Implications for digital infrastructure investment
- Cloud Computing is an important component of the physical infrastructure for smart cities (including smart water systems, smart energy and utility grids, intelligent transport systems) which relies on sensor networks, as it enables greater sharing of resources and assets to help manage a complex system. Enabling cloud computing for smart cities includes investment in sensors, low-cost communication, real-time analysis and control and the horizontal integration of pre-existing services.
- Wireless (or wired) sensors and IoT networks form part of the smart city infrastructure e.g. sensors on street lights that enable environmental and traffic monitoring. As a result, the skills and capability to harvest, analyse and make actionable insights from generated data will become increasingly important. These skill sets within government agencies will have to be supported. The data can have value for consumers and intermediary companies, which means that the public sector may need to become more consumer centric, and/or better at identifying opportunities for joint partnering with private sector providers. Being aware of data privacy and ownership issues will also be ongoing.
- With the growth in interconnected systems and networks for transport, energy and healthcare, critical national infrastructure is increasingly a potential target for cyber attacks. The challenges around cybersecurity will need to shift from being perceived as IT issues to national or business risk issues. This will potentially require a shift in resource allocations and skill sets. Any emergency & resilience infrastructure will need to have a high degree of co-ordination and data sharing capability.
- The rise of smart cities will result in significantly more data being created. This means a need for significantly more capacity to transmit that data reliably and consistently. This may require investment in data centre capacity and better data management strategies. Service providers will provide seamless connectivity between terrestrial 5G and satellite communications. Technical standards should be designed for both terrestrial and satellite systems.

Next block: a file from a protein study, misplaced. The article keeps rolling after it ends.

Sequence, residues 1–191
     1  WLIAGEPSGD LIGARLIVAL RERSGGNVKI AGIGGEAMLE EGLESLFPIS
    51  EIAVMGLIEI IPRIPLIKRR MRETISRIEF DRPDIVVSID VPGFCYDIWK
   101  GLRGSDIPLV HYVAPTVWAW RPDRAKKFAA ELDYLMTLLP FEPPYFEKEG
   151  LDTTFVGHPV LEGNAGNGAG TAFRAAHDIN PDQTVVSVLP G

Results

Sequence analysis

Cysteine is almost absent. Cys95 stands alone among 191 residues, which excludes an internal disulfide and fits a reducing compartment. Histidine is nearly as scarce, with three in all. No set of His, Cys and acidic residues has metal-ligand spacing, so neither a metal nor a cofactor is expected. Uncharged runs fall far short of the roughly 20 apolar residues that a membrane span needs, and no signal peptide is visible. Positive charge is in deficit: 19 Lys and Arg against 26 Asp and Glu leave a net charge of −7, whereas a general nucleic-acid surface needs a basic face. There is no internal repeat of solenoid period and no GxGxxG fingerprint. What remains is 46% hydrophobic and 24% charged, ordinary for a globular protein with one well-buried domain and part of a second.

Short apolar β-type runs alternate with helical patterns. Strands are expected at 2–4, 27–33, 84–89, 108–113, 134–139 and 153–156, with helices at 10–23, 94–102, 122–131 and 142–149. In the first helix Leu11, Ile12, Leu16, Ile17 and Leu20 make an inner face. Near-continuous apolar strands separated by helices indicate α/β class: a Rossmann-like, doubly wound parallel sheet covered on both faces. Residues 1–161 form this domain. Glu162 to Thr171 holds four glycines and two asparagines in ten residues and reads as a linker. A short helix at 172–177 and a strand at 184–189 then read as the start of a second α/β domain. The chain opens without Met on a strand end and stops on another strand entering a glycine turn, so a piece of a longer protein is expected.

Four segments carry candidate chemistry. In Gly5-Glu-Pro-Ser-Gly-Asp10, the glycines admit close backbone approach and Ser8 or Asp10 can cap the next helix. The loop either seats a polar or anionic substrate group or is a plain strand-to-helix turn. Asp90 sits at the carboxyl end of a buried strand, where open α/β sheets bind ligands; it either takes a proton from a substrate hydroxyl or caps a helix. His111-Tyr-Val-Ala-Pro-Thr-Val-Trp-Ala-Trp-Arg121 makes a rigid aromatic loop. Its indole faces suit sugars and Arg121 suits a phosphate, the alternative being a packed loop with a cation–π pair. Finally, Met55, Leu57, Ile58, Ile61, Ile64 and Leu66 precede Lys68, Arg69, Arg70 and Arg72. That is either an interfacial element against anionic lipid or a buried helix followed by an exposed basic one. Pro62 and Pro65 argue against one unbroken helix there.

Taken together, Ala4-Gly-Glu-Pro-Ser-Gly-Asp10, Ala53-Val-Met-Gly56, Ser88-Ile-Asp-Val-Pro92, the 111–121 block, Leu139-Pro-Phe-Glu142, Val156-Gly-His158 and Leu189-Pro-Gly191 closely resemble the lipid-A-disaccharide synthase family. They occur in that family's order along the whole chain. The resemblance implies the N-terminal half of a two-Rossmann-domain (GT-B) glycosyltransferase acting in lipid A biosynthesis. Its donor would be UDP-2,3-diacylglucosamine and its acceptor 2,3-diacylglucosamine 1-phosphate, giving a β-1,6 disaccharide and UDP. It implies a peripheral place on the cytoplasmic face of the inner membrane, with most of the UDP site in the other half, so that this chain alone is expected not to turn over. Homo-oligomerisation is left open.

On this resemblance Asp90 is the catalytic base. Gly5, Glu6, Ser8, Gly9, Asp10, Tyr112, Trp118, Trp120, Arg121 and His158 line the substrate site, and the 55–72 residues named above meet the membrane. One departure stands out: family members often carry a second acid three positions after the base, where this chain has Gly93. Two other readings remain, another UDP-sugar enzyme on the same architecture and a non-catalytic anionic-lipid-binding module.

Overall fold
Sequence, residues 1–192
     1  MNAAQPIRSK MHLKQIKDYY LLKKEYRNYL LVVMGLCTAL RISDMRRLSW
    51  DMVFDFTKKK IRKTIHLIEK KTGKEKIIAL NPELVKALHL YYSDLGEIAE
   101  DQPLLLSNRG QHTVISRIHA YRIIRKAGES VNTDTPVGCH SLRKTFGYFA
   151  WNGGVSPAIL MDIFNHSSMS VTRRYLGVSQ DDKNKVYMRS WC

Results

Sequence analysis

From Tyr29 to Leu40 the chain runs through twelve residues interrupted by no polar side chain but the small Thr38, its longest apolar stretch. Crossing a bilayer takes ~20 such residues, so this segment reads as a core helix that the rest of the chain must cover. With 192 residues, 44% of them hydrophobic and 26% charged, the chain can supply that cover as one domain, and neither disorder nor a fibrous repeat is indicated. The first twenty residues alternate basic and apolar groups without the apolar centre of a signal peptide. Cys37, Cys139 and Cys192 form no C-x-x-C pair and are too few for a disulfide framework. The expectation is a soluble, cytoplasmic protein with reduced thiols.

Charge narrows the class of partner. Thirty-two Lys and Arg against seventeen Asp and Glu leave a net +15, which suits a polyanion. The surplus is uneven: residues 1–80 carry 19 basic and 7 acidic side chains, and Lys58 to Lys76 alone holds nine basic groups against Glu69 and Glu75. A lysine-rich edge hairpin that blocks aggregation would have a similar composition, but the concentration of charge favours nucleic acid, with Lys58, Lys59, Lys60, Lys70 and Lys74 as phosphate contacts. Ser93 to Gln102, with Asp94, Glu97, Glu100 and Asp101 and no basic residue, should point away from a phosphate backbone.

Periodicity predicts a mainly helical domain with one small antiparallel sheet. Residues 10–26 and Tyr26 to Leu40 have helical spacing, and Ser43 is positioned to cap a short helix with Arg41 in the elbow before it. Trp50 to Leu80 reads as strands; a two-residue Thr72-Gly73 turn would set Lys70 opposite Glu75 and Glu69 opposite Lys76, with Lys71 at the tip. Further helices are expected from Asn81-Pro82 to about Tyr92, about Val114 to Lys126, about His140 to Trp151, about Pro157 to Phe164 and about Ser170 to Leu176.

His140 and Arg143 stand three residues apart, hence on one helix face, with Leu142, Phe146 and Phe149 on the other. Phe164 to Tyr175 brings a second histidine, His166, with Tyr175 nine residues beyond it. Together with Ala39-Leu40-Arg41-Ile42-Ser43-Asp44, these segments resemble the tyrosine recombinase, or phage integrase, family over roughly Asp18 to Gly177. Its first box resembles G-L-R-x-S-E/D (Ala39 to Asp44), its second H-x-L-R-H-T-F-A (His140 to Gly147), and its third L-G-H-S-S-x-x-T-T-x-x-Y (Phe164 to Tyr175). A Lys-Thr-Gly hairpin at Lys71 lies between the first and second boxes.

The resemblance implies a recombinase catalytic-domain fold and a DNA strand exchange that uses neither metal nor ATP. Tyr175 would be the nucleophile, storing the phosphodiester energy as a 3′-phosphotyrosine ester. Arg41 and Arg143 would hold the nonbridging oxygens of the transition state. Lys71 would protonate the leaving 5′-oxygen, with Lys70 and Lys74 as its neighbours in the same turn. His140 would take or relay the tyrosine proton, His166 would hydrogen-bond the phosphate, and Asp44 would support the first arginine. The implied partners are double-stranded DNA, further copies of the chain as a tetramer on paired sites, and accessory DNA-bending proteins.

- For satellite based applications, investments are already proposed for Spaceports (e.g. Sutherland in Scotland). An operational spaceport would provide the UK with a key piece of infrastructure for the aerospace industry.
Key 5-year perspectives
- A 5G network will be a key enabler for fast and reliable data exchange to boost the potential of IoT and Big Data Analytics.
- IoT, smart sensors and photonics are already being implemented in Scotland and 5G can support the development of these technologies across other applications, such as wireless vehicle communications, by offering fast and reliable data exchange.
- Due to potential threats from cyber attacks, with the progressive adoption of digital technologies, we expect to see high implications for cyber security development, which is essential to ensure safety across public and private sectors.
Key 30-year perspectives
- Quantum technologies are currently in very early stage research. Commercialisation of these technologies could contribute to unprecedented speed in data access and exchange, advancing ultra-fast sensing and communication technologies.
- Blockchain could be adopted for cash-free, reliable and transparent transactions in the public sector. It also holds strong potential for adoption in businesses (in procurement and value-chain tracking) in Scotland and worldwide.
- Scotland is well positioned as a potential location for spaceports for satellite launches.
Implications for inclusive growth and the transition to a low carbon economy
- High-speed data transfer, including streaming of live events through 5G can make a significant contribution to employment opportunities and education and skills delivery.
- The development of digital technologies in Scotland is reflected in an increasing number of technology-related job positions, which are higher in average salary than the overall average for Scotland.
- The Digital Participation Charter of the Scottish Council for Voluntary Organisations aims for more organisations to train their staff in basic digital skills to support inclusion by building more digital capability.
- Digital infrastructure can enable remote working, but there are downsides with new forms of employment putting pressure on wages and mobile technology making it difficult for workers to "switch off“.